sun 25/08/2019

Mad Dogs, Sky 1/ Hannibal, Sky Living | reviews, news & interviews

Mad Dogs, Sky 1/ Hannibal, Sky Living

Mad Dogs, Sky 1/ Hannibal, Sky Living

A nightmare in the Sahara for the Mad Dogs, and murderous pretensions in 'Hannibal'

Like Webster's Dictionary, he's Morocco bound: Max Beesley as Woody in 'Mad Dogs'

Previous series of Mad Dogs have seen the quartet of middle-aged geezers embroiled with the Serbian mafia and tangled up in drug deals, conspiracies and murder. For this series three opener, the curtain rose on our bedraggled lads caged up in a derelict prison camp. They were wearing Guantanamo-style orange jumpsuits. Having expected to go to Barcelona on a container vessel at the end of series two, here they were banged up under a shrivelling Moroccan sun.

Much of the piece was taken up with the quartet being baffled and bamboozled, amid some tight-lipped wiscrackery, as they tried to work out what was happening. Not long before they'd been in possession of €5m, but dreams of luxury and leisure had been abruptly sawn off (left to right below: Max Beesley, John Simm, Marc Warren, Phil Glenister).

No offence chaps, but there was a vague sense that you were making up this episode as you went along. It was a bit like The Hangover 4. It took the deus ex machina-style introduction of Mercedes (Jaime Winston), dumped into the prison compound by unsmiling guards, to bring any inkling of an explanation. The guards were locals, but they were operating under the auspices of nameless British spooks. As Baxter (John Simm) put it, one minute he'd been queuing for Easyjet with a tuna baguette in his hand, "and now I've been fucking renditioned."

It clicked up half a gear with the appearance of Anton Lesser as "Alex", the enigmatic Man from the Ministry. Oozing manicured mercilessness, Alex explained that the boys had now been cleared of whatever they'd been suspected off ("narco finance" or something) and could go home. This went badly. Their jeep conked out, the driver vanished (how??) and invisible gunmen started shooting at them.

All of the foregoing merely added up to a pretext for Alex to ship the uncomprehending chums off to South Africa in a battered old Dakota where they were ordered to split up, start new lives and never see each other again, because otherwise a secret branch of the CIA would kill them. Poor Rick (Marc Warren) was almost in tears, his fragile state not improved by a vision of a weird midget tribesman prancing around in front of him with a painted face. Sheesh. I reckon the series will start properly with next week's episode two.

Lecter intersperses gourmet repasts with high-concept psychobabble

Serial killers... arencha sick to death of 'em? It's proving especially hard to kill off that grotesque godfather of the genre, Hannibal Lecter, the central character in a string of movies and now reborn again in Hannibal.

The series is an origin story, taking us back to the pre-Anthony Hopkins era when psychiatrist Lecter is engaged by the FBI to treat special agent Will Graham, a gifted profiler teetering on the edge of mental collapse. Now inhabiting the iceberg-cool and immaculately-tailored form of Denmark's finest, Mads Mikkelsen, Lecter is a fastidious gourmet interspersing elaborate repasts with high-concept psychobabble. His career as a cannibalistic slaughterer is merely nascent, and it's never clear exactly what he's serving up from his state-of-the-art kitchen.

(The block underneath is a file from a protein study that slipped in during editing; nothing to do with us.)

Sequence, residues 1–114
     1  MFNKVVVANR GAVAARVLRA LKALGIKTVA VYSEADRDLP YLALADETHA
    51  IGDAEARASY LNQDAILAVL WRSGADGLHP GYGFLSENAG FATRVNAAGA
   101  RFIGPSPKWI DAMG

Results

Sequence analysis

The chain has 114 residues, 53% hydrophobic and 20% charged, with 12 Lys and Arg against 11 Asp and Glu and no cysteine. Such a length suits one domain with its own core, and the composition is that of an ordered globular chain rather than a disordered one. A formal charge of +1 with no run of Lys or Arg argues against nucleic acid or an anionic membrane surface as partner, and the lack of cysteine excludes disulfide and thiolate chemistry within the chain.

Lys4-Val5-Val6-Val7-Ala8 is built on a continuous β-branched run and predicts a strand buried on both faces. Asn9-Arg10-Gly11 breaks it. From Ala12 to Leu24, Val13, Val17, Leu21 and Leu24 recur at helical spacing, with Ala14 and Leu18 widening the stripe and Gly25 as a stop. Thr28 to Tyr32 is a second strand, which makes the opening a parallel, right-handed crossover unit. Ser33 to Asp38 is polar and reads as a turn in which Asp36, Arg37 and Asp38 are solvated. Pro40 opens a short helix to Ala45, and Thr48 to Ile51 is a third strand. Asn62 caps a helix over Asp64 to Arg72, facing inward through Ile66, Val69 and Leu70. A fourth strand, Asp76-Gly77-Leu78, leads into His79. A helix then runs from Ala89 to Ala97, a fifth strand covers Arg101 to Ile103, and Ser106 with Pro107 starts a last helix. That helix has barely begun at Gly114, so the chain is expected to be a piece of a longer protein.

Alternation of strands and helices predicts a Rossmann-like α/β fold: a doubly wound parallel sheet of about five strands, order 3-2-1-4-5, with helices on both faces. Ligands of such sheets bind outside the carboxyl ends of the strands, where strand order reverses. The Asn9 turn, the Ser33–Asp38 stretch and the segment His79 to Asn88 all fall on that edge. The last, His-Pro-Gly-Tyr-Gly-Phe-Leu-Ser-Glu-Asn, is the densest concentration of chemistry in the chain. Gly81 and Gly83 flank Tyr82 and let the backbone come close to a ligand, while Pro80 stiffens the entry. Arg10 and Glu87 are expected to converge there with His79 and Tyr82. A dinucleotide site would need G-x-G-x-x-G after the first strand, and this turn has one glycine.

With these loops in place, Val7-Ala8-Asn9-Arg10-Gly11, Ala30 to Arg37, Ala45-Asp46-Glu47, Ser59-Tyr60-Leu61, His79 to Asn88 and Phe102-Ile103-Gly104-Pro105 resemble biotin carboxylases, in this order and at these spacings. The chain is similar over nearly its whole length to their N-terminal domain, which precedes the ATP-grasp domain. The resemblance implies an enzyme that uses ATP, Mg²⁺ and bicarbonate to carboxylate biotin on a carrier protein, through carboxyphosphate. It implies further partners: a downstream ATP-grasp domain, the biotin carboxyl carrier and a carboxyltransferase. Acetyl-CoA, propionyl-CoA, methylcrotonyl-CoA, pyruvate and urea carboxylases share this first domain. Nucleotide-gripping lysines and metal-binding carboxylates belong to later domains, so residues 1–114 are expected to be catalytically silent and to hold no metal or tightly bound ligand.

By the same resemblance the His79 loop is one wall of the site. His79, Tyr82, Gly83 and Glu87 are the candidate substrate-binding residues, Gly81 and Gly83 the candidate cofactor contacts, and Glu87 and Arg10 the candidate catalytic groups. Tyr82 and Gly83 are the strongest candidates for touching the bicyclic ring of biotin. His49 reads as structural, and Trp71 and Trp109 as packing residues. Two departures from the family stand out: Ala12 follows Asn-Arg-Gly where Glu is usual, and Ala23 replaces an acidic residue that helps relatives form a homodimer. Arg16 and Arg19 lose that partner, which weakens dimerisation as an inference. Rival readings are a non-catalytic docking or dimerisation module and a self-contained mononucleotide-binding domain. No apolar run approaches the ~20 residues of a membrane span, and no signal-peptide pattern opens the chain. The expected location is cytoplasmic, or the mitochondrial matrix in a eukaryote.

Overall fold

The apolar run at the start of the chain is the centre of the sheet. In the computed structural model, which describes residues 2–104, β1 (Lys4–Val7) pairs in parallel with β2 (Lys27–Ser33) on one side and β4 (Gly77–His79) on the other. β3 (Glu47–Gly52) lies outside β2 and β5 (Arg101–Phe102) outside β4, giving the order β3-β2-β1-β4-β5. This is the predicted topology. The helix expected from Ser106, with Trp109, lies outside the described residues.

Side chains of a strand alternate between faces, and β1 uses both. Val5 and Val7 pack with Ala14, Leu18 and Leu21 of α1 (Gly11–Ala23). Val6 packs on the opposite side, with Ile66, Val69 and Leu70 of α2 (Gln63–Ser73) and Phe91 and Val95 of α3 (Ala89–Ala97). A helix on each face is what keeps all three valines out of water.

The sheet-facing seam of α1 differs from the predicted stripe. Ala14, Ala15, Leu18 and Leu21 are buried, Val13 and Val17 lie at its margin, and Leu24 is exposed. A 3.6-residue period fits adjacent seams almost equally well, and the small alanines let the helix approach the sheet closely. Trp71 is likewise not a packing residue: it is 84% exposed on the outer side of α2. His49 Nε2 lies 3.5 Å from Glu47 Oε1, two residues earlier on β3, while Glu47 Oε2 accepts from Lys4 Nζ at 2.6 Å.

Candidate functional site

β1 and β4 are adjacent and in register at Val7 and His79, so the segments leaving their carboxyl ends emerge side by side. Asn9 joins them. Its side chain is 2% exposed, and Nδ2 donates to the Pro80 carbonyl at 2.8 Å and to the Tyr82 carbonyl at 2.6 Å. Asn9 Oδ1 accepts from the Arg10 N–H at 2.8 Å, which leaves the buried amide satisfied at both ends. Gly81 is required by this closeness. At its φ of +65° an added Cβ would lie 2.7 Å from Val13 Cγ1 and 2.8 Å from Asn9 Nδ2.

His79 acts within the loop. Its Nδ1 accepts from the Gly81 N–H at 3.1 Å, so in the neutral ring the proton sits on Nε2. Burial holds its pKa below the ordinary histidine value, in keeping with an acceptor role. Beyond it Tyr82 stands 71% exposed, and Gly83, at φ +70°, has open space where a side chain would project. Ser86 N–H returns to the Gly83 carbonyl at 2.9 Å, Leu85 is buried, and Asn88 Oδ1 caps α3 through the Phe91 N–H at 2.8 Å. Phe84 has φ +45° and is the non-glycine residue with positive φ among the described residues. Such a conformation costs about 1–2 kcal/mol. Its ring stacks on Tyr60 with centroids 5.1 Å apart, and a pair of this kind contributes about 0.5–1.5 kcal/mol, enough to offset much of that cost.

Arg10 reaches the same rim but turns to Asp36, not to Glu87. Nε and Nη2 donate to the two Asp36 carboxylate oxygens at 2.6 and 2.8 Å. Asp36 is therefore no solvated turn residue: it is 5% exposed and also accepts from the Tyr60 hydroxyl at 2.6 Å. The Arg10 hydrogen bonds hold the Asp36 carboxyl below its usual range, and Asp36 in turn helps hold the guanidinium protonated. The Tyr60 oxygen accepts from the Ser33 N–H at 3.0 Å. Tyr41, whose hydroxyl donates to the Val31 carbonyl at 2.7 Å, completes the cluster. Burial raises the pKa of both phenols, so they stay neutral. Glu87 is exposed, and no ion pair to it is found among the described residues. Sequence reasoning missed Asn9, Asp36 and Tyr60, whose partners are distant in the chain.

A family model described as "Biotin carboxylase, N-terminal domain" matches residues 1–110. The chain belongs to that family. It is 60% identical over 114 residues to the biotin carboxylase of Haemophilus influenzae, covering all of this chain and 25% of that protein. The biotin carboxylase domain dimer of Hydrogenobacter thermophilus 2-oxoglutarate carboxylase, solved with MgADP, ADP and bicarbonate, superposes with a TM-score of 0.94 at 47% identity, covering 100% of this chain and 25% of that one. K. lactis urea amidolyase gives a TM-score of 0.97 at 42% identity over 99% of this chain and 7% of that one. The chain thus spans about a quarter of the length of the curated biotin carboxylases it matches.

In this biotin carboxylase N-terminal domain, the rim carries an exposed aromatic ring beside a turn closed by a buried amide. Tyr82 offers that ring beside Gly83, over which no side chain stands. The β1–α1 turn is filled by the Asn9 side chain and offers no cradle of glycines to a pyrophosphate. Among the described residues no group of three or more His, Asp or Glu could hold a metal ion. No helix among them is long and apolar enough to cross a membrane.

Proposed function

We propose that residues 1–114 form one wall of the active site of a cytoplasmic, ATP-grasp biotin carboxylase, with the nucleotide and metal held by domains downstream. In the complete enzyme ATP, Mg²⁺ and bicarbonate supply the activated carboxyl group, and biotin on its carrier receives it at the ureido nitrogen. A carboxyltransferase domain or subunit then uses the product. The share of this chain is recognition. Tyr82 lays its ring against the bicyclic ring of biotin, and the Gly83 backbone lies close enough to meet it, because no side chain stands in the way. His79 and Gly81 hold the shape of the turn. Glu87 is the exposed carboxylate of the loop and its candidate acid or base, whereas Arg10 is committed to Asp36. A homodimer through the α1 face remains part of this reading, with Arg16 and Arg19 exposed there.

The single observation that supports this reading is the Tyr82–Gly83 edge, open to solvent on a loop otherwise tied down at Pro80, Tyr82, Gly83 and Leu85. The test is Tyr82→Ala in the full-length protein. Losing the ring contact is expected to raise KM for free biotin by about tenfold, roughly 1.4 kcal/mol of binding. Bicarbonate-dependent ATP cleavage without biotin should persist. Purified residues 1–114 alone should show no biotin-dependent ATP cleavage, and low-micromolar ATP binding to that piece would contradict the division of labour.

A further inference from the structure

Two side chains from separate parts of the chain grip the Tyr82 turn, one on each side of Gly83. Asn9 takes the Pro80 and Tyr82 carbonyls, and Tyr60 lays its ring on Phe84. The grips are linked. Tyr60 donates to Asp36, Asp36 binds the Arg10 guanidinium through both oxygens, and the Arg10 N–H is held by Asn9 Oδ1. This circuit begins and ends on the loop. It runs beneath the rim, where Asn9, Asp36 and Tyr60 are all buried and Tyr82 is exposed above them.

In this fifth episode (subtitled "Coquilles"), Lecter entertained to dinner Jack Crawford, head of the FBI's Behavioral Science Unit, and his wife Bella (dining chez Lecter, pictured below). "Cold foie gras and warm figs. Delicious," said Crawford (Laurence Fishburne) appreciatively. When Bella declined to eat foie gras because it's a product of cruelty to animals, this prompted a pedantic diatribe from Lecter about ethical butchery and why there's "no need for unnecessary suffering." Doesn't being buried alive under a landslide of ham-fisted irony count?

This is a difficult show to get a fix on. Its elaborately posed killings are stomach-turning - we've had a woman impaled on antlers, and in this episode two half-skinned victims with their flesh peeled up like angel's wings - and its interludes of po-faced cod-psychiatry are laughable. "He's drawing from secular sources?" Crawford asked Graham gravely, as they found another spatchcocked victim of the "Angel Maker" hanging from a tall building. "His mind has turned against him and there's no-one there to help," intoned Graham (Hugh Dancy) morbidly.

Often, it feels like a distempered gothic fantasy with set designs from Interiors magazine, but occasionally there's a glimpse of something superior. Last night it was the scene where Graham and Crawford were quizzing the killer's wife, and as she described the effect of her husband's cancer diagnosis, it suddenly dawned on Crawford that his own wife was seriously ill. The way Fishburne's face registered waves of shock and awful comprehension almost justified whatever ludicrous salary they're paying him.

The lads were ordered to split up, start new lives and never see each other again, because otherwise a secret branch of the CIA would kill them

rating

Editor Rating: 
3
Average: 3 (1 vote)

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